Darkness wipes me out like chalk on a blackboard...
I don't know a thing.

For five days I lie in secret,
Tapped like a cask, the years draining into my pillow.
Even my best friend thinks I'm in the country.
Skin doesn't have roots, it peels away easy as paper.
When I grin, the stitches tauten. I grow backward. I'm twenty,
Broody and in long skirts on my first husband's sofa, my fingers
Buried in the lambswool of the dead poodle;
I hadn't a cat yet.

Now she's done for, the dewlapped lady
I watched settle, line by line, in my mirror ---
Old sock-face, sagged on a darning egg.
They've trapped her in some laboratory jar.
Let her die there, or whither incessantly for the next fifty years,
Nodding and rocking and fingering her thin hair.
Mother to myself, I wake swaddled in gauze,
Pink and smooth as a baby.

Sylvia Plath
February 15th 1961

Plath had a miscarriage less than two weeks before writing this, and towards the end of that month she was in the hospital to get her appendix removed.

In those days that was an "open" surgery. Laparoscopic appendectomies were not performed until 1983. She stayed in the hospital from the 26th of February to March 8th. A long time to be laying about.

This poem was followed by some others that refer to hospital things, like the wonderful Tulips and The Surgeon at 2 A.M.

In Plaster was also writen during this time, but it likely harkens back to January 1952 when Plath broke her leg skiing in Saranac Lake during a visit to her boyfriend who was hospitalized a huge tuberculosis sanitorium near there.

That's Mount Pisgah, the little ski hill in Saranac Lake. That old tuberculosis hospital is a state prison now.

Friday, June 06, 2008


Tuesday, June 03, 2008

The Five of Cups

They said that on a bad day it would amount to something like about twelve ounces.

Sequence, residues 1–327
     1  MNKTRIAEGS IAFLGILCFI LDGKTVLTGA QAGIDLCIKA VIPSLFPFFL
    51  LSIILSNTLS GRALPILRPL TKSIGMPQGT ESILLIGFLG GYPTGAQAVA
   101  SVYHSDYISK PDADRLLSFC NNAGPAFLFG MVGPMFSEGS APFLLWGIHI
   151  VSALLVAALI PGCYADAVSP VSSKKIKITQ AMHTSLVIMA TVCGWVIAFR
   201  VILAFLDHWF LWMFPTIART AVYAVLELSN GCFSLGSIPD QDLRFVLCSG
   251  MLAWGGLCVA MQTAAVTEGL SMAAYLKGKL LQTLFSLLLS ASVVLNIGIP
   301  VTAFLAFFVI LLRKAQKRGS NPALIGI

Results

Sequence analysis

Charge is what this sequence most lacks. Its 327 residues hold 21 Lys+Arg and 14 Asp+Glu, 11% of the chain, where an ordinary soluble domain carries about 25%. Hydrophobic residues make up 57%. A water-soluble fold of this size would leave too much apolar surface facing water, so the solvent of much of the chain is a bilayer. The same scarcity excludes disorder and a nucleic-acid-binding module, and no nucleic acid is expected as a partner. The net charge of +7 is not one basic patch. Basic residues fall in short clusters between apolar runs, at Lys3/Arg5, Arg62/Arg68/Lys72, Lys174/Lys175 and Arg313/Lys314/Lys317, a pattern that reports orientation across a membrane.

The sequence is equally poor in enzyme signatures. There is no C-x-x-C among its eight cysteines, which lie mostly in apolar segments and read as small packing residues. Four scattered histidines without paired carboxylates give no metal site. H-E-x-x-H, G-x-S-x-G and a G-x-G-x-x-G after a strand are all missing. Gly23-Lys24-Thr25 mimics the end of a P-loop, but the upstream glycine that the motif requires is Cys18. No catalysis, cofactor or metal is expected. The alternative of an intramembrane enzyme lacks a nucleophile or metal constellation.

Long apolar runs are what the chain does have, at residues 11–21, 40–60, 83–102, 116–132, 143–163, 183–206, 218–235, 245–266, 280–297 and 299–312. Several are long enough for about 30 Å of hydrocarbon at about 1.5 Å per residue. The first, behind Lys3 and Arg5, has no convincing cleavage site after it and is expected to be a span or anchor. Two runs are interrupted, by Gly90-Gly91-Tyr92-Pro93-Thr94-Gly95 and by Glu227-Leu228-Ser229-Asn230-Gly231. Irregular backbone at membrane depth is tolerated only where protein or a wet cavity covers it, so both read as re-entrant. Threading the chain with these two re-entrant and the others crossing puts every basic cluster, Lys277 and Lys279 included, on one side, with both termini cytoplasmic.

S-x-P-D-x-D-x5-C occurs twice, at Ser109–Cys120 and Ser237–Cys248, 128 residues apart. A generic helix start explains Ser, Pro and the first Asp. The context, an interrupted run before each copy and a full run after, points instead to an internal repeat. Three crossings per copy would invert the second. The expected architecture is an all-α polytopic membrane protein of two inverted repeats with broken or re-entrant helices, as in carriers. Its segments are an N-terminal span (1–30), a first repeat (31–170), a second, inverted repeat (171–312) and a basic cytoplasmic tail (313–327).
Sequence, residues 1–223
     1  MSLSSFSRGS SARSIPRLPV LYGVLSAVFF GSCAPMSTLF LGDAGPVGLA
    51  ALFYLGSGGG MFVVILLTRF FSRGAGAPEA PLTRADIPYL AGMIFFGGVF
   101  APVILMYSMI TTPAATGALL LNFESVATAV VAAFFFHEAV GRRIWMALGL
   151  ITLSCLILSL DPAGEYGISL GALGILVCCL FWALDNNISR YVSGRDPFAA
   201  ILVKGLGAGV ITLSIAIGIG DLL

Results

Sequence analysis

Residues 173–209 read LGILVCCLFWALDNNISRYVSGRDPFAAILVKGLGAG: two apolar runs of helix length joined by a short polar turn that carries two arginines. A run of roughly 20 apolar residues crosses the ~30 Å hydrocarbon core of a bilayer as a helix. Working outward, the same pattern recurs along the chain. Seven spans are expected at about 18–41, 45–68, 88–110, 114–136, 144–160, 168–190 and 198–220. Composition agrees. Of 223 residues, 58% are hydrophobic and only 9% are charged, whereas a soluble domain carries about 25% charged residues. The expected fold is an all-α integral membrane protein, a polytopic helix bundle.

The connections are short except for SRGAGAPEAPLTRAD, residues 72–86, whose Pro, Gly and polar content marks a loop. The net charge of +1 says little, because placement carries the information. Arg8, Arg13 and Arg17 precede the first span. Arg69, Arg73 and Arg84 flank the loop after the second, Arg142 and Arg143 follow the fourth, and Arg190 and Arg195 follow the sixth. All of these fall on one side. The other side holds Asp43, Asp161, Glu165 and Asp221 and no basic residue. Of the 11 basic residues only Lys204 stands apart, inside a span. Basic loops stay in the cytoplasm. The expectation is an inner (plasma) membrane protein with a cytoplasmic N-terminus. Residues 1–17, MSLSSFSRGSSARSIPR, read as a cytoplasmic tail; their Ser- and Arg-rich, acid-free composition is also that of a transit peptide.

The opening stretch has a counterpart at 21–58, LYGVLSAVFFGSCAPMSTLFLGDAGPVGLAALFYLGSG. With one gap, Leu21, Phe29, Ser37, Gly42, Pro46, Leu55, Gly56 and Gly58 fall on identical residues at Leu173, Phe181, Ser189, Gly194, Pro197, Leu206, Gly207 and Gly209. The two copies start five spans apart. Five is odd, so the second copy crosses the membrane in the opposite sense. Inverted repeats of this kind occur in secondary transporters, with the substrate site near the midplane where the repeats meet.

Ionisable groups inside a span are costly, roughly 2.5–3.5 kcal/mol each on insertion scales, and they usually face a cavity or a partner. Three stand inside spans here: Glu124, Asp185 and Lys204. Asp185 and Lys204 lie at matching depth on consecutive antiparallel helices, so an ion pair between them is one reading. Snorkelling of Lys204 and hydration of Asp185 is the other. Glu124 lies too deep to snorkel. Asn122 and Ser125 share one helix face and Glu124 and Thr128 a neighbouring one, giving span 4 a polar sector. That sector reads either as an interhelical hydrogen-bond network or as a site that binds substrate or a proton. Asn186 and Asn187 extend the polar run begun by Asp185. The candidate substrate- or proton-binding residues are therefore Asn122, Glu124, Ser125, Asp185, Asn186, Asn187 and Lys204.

I would bring in a little stack of eight-ounce styrofoam cups. They'd use one at a time, and as I rounded I'd check to see how much there was. When the cup was about half-full I'd toss it away with its contents then set them up with another.

Four ounces here, four ounces there, another four after lunch, another four after Respiratory was done pounding on them.

Since that was so disgusting I stopped waiting for them to get measurably full and I just tossed them every time I wandered in. Cups begging cups.

In total surpassing the weight of a pound; certainly approaching a pound-and-a-half.

Sunday, June 01, 2008

Sunday Plath: Fruits of War

Bitter Strawberries

All morning in the strawberry field
They talked about the Russians.
Squatted down between the rows
We listened.
We heard the head woman say,
'Bomb them off the map.'

Horseflies buzzed, paused and stung.
And the taste of strawberries
Turned thick and sour.

Mary said slowly, 'I've got a fella
Old enough to go.
If anything should happen...'

The sky was high and blue.
Two children laughed at tag
In the tall grass,
Leaping awkward and long-legged
Across the rutted road.
The fields were full of bronzed young men
Hoeing lettuce, weeding celery.

'The draft is passed,' the woman said.
'We ought to have bombed them long ago.'
'Don't,' pleaded the little girl
With blond braids.

Her blue eyes swam with vague terror.
She added petishly, 'I can't see why
You're always talking this way...'
'Oh, stop worrying, Nelda,'
Snapped the woman sharply.
She stood up, a thin commanding figure
In faded dungarees.
Businesslike she asked us, 'How many quarts?'
She recorded the total in her notebook,
And we all turned back to picking.

Kneeling over the rows,
We reached among the leaves
With quick practiced hands,
Cupping the berry protectively before
Snapping off the stem
Between thumb and forefinger.

Sylvia Plath

When Ted Hughes compiled the collected poems of his wife Plath, he included many works that she wrote before 1956 and put these in a separate section titled "Juvenilia."
This is the first of those poems.

Plath was no cold warrior, and if she were alive today I suspect she'd be like one of those feisty Code Pink women, holding an anti-war sign and waving to people in passing cars as they honk in support.